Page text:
Gun Brewery: Multi-Award Winning Beer
‘Decide your own life, don't let another person run or rule you’ is an old Hobo saying which could easily apply to any micro or small business start-up, and this is the guiding principle behind Gun Brewery in East Sussex, an independent microbrewery and brainchild of two friends, Toby Smallpiece and Mark Berry.
On a warm, autumn day in October, we paid Mark a visit at their brewery situated on a 140-acre organic mixed farm on Gun Hill in the beautiful Sussex Weald. It’s a pretty idyllic setting by any workplace standard, especially if you’re interested in brewing, craft beers or simply drinking beer in general, which is a sizable percentage of the UK population.
It’s the rural life we love. I feel lucky to come to work here every day
Over recent years, there’s been a quiet revolution in the way people drink and make beer and Gun Brewery is part of a growing movement. Small brewers, working with enthusiasm and great ingredients and without the constraints of large corporations, have sprung up all across the UK, and East Sussex has become a destination of choice for independent brewers. The lower set-up costs, compared to other parts of the South East, and grants available to buy specialist kit, along with the close proximity to London and Brighton are part of the county’s appeal. As Mark says, ‘It’s a great location, we’re just close enough to the city as we need to be, It’s the rural life we love, and I feel lucky to come to work here every day’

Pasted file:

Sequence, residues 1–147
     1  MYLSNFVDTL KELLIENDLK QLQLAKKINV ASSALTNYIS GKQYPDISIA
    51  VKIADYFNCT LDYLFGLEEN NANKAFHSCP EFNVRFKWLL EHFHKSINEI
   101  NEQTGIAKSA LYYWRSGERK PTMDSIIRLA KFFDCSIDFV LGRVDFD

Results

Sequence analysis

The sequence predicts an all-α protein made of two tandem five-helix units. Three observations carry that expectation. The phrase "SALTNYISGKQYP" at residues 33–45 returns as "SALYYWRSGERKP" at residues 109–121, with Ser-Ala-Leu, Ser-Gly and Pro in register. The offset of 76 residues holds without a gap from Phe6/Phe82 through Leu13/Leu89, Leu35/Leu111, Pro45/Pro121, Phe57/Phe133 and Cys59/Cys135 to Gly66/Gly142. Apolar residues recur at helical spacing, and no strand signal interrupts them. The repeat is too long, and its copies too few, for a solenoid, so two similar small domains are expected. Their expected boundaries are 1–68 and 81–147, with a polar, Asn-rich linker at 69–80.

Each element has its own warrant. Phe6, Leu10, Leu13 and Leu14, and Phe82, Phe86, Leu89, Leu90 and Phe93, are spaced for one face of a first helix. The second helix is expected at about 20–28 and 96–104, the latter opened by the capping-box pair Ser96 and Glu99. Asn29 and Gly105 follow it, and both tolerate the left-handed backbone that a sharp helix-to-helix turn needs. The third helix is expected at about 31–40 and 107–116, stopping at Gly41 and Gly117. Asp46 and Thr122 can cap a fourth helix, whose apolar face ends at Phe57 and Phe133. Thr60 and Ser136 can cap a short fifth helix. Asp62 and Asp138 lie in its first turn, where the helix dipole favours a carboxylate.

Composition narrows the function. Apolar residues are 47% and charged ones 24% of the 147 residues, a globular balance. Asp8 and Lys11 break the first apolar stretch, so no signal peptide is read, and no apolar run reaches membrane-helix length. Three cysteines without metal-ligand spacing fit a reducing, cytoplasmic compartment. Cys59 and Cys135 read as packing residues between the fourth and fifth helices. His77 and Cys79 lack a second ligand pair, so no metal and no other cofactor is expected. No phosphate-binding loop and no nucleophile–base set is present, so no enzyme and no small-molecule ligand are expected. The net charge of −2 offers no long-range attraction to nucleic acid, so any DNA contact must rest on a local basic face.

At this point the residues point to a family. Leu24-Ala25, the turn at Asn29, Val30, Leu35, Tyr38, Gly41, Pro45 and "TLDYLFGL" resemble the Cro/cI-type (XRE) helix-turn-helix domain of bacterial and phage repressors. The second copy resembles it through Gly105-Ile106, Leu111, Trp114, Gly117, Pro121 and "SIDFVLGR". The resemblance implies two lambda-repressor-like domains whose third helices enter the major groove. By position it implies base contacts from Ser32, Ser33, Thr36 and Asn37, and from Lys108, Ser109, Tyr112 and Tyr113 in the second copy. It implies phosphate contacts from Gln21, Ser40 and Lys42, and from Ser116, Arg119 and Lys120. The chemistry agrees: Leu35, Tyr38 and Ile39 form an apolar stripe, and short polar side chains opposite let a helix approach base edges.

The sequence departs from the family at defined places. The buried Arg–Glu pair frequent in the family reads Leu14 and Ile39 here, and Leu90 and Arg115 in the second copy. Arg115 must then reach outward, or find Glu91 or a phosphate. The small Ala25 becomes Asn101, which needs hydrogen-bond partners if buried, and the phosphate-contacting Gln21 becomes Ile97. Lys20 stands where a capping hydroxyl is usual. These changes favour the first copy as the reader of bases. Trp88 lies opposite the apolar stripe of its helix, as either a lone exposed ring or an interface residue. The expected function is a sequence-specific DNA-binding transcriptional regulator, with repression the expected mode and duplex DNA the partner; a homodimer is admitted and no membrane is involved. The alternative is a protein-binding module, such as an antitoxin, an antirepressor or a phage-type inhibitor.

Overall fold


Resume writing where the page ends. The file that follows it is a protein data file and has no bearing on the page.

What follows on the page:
Gun Brewery started just three years ago, when both friends decided to leave the daily hustle and bustle of city life behind them, following the discovery of a spring source deep below the organic land on Toby’s family’s farm. After some deliberation about what they could do with a water source, the pair, with their only brewing experience being Mark’s experimentation with home brewing during his University days in Southampton, set their sights on setting up their own craft brewery. They soon sourced brewing expertise in the form of “Pete the Brewer”. Pete learnt his craft in the mecca of UK brewing, Sheffield, with time spent at both Thornbridge and Magic Rock.